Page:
Storm Chase of 11 May, 2011
I’ll start by saying that I didn’t necessarily have the highest confidence in going into Wednesday. The forecast models just had not been doing a good job of predicting what might happen that day. Indeed, the forecast models had been having trouble that whole week it had seemed like. They had been initializing wrong, and completely misforecasting precipitation.
I’ll admit that I am still pretty new to severe weather forecasting. But generally, I can do a pretty good job of forecasting a severe weather outbreak. But for Wednesday, I was confused as hell. The parameters looked decent; there was ample moisture, the dry line would be the lifting mechanism, there was some CAPE, but not tons, and there was some wind shear. However, precipitation models just did not show anything.
Wednesday morning threw another monkey wrench into the equation. Showers and thunderstorms had developed in the Texas panhandle overnight; something the forecast models had completely missed. As these storms moved east, they would definitely have an effect on the potential for severe weather. But what would that effect be?
On Monday, the Storm Prediction Center had upgraded the risk for Wendesday to moderate risk. But by Wednesday morning, the SPC had downgraded the risk to only slight risk. The main area of risk for that day was in Kansas and Colorado. But as I had calculus final the next day, I decided that I could not go that far. I was hoping that as the morning convection moved off, the chance for storms to develop again in western Oklahoma would go back up.
That day, I was joined by a friend mine and Alyson’s named Anika. She had wanted to go storm chasing ever since she had learned that I was a storm chaser. We had planned for Alyson to go with us, but because she worked until 3:30, it was not possible. As it turns out, she didn’t miss anything.
As Anika and I set out heading towards the southwest, the Mesoscale Convective System moving through central Oklahoma continued to grow and grow. It soon became apparent that these storms were diminishing any chance for discreet supercells to develop in southwestern or even western Oklahoma. We decided to turn around, and head north towards Kansas.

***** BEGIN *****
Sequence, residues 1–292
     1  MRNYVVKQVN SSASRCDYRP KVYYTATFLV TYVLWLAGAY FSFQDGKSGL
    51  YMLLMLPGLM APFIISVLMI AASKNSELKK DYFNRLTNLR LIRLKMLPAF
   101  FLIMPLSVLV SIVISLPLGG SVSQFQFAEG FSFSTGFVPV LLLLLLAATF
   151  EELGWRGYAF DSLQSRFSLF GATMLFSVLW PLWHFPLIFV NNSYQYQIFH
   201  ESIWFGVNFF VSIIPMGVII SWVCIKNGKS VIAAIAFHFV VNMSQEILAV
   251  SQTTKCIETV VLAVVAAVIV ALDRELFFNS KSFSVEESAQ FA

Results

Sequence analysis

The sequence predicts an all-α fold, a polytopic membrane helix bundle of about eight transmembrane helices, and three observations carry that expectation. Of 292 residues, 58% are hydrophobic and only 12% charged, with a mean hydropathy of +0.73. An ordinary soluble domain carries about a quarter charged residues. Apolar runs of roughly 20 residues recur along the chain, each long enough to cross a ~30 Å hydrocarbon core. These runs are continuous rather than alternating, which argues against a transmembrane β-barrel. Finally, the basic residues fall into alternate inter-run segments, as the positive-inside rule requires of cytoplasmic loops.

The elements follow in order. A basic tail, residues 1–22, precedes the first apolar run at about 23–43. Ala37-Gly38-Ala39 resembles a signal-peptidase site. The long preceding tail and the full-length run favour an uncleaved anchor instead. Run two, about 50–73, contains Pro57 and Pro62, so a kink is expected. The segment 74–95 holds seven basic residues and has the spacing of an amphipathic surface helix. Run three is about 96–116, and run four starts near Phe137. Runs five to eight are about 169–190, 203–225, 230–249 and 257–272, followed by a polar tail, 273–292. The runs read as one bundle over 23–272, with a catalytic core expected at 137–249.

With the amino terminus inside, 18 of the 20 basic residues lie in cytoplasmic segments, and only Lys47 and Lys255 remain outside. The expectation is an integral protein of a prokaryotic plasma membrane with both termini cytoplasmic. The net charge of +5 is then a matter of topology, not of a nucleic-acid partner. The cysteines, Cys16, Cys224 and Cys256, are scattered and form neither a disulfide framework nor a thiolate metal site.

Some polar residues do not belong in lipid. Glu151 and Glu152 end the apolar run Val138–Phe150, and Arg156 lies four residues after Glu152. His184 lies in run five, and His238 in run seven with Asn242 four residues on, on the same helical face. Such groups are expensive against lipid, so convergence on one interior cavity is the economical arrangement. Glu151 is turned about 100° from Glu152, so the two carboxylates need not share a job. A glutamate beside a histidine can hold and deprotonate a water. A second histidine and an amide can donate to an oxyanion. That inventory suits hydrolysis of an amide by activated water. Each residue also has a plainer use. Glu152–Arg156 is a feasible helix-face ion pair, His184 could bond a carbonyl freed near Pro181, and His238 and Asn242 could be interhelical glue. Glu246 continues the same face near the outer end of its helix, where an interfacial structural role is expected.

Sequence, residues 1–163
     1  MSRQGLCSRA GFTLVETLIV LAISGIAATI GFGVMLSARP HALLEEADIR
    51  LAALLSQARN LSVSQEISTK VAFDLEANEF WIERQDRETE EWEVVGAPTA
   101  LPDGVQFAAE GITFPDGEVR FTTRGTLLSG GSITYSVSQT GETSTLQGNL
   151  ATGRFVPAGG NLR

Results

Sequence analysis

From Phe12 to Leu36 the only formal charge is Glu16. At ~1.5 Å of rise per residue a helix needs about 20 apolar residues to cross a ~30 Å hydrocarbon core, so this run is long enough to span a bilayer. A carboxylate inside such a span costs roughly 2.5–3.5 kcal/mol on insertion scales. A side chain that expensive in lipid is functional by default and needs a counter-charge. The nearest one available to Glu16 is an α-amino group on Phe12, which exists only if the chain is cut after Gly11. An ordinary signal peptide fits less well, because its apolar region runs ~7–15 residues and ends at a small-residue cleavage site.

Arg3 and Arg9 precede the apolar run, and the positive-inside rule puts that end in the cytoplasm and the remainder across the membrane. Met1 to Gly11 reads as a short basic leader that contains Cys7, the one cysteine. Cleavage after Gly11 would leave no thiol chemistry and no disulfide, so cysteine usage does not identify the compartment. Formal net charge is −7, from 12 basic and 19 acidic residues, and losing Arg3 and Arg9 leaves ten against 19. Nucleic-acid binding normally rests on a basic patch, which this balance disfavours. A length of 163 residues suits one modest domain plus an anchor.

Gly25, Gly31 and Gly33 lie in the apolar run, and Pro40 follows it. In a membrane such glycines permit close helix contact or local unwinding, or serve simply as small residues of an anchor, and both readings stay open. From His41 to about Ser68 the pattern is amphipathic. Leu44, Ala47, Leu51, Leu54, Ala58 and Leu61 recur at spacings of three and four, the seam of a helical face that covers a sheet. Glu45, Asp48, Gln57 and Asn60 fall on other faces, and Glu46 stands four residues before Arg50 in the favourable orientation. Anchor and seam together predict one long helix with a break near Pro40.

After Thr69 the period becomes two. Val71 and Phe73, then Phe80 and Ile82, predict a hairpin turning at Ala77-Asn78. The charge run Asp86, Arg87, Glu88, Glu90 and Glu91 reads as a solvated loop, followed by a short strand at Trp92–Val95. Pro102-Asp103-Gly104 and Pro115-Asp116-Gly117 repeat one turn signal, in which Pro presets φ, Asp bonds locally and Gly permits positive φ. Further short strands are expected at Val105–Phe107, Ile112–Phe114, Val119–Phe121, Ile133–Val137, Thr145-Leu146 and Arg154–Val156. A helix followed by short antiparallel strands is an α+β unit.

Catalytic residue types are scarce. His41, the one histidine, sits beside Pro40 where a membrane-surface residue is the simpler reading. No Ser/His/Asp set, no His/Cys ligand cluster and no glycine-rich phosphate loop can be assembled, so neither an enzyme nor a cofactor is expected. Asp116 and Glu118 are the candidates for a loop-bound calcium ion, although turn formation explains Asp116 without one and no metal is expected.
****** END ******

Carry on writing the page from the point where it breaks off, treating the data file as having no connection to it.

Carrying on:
After driving for while, we noticed that the storms were pretty much developing right above us, not matter how far north we got. We then reached the conclussion that these storms were sucking up all the moisture, and that there was little to no chance of more storms developing in the west. At that point, Anika and I decided to call the chase and head home.
Along the way home was when we saw some interesting weather. We were just east of a pretty strong squall line for a while. We could see heavy rain and some crazy lightning just to our west. We stopped in Oklahoma City for a bathroom break. As we did, the squall line caught up to us. That crazy lightning grew even crazier, and pretty soon, it began to pour rain. We even saw some small hail.
After being slowed down by heavy rain, flooded roads, and heavy traffic, we finally made it back home by around 4 PM. Wednesday was definitely my shortest storm chase of this year. But, it’s better to decide early that the day is a bust, than to drive crazy distances only to see nothing.
So good did come of that storm chase, however. After the interior of my car flooded for the second time within a few weeks, I finally decided to google the problem. Luckily, I found that other people had had the same problem, and I found a solution. After removing a little rubber liner thing from underneath the hood, water was then allowed to drain the way it was supposed to. So the problem should be fixed for good.